McFadden Public Market is another food hall in Santa Ana, but it dishes out good food and good fun in equal parts. If you’re looking for a kid-friendly food hall with a great variety of handcrafted food and retro arcade games, McFadden is the food hall for you. If you’re craving ramen, Ramen Tokudai was voted the Best Ramen in Orange County.
McFadden Public Market features live music on the first Friday of the month, a variety of fun theme nights like Whiskey and Wings, and 80’s arcade games that you can play for quarters. Yep, quarters.
Pro-tip: There are two parking structures off Main and 5th Streets, as well as a metered parking lot on 3rd and Bush.
Built in 2016, Lot 579 bills itself as a unique artisanal market and California culinary experience, and it’s got the location to carry that California vibe. Located on PCH in Huntington Beach, the Surf City’s relaxed beach feel carries through to the fantastic food offerings in the Lot 579 food hall.
The space might be named for the lifeguard towers on the beach directly across from the food hall, but you won’t find sunscreen and sand on offer here. Ever want a custom-made popsicle to chase away the summer heat? You’ll find it at Popbar. Mahogany Smoked Meats has your gourmet jerky needs covered. If you’re looking for gourmet artisanal deli sandwiches, go over to Burnt Crumbs (coincidentally, you can also check out paddles and balls for the ping pong table there, too. Just bring your ID.)
Pro-tip: Parking is free for the first two hours! Check with your lunch vendors to see if they’ll validate your parking stub.
Brand new to the OC food hall scene is Tustin’s Mess Hall Market. There’s plenty of parking for this chef-driven food hall, and plenty of seating in the open, spacious interior. Just grab a spot at one of the red communal tables with their comfy padded box seats, or at one of the more traditional café tables and enjoy offerings from vendors you won’t find on any ol’ street corner. Grab a hot fair-trade drink at The Lost Bean Organic Coffee and Tea, have a New Jersey style slice at Big Parm Pizza, get a real-life Dagwood-style sandwich at The Sandwich Society, or luxuriate in a taste of the Peloponnese at The Little Greek.
Mess Hall Market is next to Tustin’s new Legacy Park, which provides gorgeous open spaces and walking trails once you’re done with your dining experience.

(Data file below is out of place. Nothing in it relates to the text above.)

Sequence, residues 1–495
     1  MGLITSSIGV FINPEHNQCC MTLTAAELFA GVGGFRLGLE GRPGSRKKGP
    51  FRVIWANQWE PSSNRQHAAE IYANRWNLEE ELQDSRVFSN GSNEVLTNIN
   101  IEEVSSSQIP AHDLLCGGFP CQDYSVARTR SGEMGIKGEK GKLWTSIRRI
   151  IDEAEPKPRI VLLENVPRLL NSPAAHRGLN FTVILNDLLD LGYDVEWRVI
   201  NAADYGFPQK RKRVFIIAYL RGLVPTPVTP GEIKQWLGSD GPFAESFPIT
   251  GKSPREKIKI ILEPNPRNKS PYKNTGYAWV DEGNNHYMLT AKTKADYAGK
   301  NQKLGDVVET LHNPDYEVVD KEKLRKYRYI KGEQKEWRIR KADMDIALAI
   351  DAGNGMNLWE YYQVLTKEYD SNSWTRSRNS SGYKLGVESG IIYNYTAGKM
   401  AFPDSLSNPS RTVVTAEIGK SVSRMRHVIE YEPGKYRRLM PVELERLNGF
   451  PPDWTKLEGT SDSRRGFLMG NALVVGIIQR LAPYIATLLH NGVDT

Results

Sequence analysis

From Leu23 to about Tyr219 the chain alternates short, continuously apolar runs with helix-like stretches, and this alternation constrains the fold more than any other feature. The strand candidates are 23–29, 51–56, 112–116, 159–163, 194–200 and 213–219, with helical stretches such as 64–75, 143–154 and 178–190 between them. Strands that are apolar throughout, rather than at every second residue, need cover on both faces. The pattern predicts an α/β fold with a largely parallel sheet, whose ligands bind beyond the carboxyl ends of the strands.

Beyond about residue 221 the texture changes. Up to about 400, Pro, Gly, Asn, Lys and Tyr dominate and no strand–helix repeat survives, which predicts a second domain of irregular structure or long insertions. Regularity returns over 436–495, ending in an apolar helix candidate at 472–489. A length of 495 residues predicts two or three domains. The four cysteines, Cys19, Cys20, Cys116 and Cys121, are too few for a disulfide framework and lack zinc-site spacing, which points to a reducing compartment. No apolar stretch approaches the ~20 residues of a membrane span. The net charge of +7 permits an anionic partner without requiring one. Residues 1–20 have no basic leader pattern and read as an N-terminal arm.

The motto of Trade Food Hall is “Eat & Drink Well”, and this modern food hall does everything it can to help diners do just that.
This Irvine-based food hall has nine awesome vendors to delight local diners, and open and airy spaces to eat in. Try the bright and flavorful vegetarian menu at Butterleaf, traditional Belgian Liege waffles at Sweet Combforts, or enjoy the amazing beer list at Center Hub (keep an eye out for specials like Whiskey Wednesday).
Pro-tip: Parking is free (if parking spaces are scarce and you don’t mind the walk, park at Ihop and walk over), and the location is dog friendly.
Leisuretown Anaheim is an unusual food hall. Why? Well, a lot of modern food halls have alcohol purveryors… but Leisuretown is intended to be primarily focused as a beer garden, not a collection of gastropubs.
Leisuretown Anaheim is Modern Times’ ambitious beer garden concept that brings great brews, a restaurant, a lounge pool, and an adjacent Mexican restaurant all into one glorious spot.
Leisuretown Anaheim takes the shipping-container craze up a few notches to make a two-story beer garden with indoor and outdoor seating. The space will also have its own brewery, focusing on draft beer, that helps keep popular and seasonal Modern Times beers on local store shelves.
Leisuretown is another jewel in Anaheim’s food hall crown.
The food hall phenomenon is alive and well in Orange County, with options to choose from no matter where you are. But since each food hall is unique, we don’t see any reason you shouldn’t just try them all. Happy eating!
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Kelly Smith is a freelance writer living in Southern California with one dog, two cats, two guinea pigs… and the rest of her family. She writes about Orange County, faith, family, special needs and tea, and world-builds science fiction universes on the side. Find her at www.bluerosecopywriting.com.